As you may know, we’re redesigning TED.com. It will be the same TED you love — just a little better and much more able to address the needs of our global, mobile audience. Part of our work in creating TED 2.0 includes reevaluating how we measure things. Especially, video views. “Number of views” is a widely shared and aspired for metric, but there’s no real agreement on the Internet as to what should count as a “view.” We think it’s important that it be as accurate as possible, and are making some changes to a more rigorous methodology that takes into account some of the technology shifts that have happened recently on the web.
The view count you’ve seen on the talk page is limited to views on that page. But TED Talks are viewed on more than 50 platforms, of which TED.com is just one; others include podcasts, mobile apps, YouTube and Netflix to name just a few. Our goal is to count views from any of these sources which we can accurately measure and track. This change will affect the view numbers you see, and will provide a much more complete picture of the reach of a talk, including a breakdown of views by platform. You can see this on the site now.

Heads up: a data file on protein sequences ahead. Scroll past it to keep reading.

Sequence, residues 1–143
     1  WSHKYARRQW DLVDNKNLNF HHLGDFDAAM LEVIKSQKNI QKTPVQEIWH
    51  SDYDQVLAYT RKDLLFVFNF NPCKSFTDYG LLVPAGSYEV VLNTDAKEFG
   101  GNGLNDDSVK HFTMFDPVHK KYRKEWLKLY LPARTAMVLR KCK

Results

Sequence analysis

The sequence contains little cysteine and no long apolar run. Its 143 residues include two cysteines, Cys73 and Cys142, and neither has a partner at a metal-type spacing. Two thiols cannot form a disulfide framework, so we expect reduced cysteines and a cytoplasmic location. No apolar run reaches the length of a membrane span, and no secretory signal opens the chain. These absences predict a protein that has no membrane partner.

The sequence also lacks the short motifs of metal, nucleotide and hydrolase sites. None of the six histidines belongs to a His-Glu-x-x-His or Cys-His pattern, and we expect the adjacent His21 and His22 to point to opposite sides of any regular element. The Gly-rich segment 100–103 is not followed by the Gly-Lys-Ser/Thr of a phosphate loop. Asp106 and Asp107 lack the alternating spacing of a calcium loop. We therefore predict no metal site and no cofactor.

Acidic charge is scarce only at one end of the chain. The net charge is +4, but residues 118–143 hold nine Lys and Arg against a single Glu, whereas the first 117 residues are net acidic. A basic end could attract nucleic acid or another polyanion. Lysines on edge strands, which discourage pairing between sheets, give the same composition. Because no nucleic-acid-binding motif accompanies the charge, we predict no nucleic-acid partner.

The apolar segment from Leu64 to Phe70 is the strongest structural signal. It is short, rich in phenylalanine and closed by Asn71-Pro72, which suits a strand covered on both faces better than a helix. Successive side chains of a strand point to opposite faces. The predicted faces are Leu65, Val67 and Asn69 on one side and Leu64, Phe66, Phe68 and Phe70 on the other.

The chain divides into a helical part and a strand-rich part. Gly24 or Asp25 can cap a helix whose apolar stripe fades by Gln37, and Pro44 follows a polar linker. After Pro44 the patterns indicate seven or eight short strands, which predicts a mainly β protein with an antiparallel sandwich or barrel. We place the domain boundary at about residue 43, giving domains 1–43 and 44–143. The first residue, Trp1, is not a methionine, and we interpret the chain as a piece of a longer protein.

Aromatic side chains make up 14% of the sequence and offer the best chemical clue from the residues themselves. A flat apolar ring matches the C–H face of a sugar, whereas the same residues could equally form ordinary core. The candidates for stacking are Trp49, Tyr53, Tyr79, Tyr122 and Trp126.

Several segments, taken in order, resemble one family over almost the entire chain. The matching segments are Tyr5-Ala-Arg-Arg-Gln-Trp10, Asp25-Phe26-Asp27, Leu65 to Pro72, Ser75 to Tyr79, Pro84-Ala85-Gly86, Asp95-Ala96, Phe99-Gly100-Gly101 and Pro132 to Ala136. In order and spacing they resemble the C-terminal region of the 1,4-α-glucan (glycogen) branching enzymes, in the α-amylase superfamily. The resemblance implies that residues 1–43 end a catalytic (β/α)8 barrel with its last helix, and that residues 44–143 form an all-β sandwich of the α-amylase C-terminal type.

To improve the precision of our data, the talk page view count will now exclude traffic from automated research sources — including the growing use of automated tools and web-bots to “scrape” video pages and thereby create views of talks no human ever sees. For some talks that impact will be negligible, while for others there may be a more notable change. Currently, we have auto-play on our site, but for TED 2.0, we are moving to click-to-play. Together, these changes will capture a more effective and deliberate measure of video views.
This change is something we are very excited about. Each and every talk has a life of its own, and our new view count will give a better reflection of how an idea ripples out. Below, see how our view count has changed…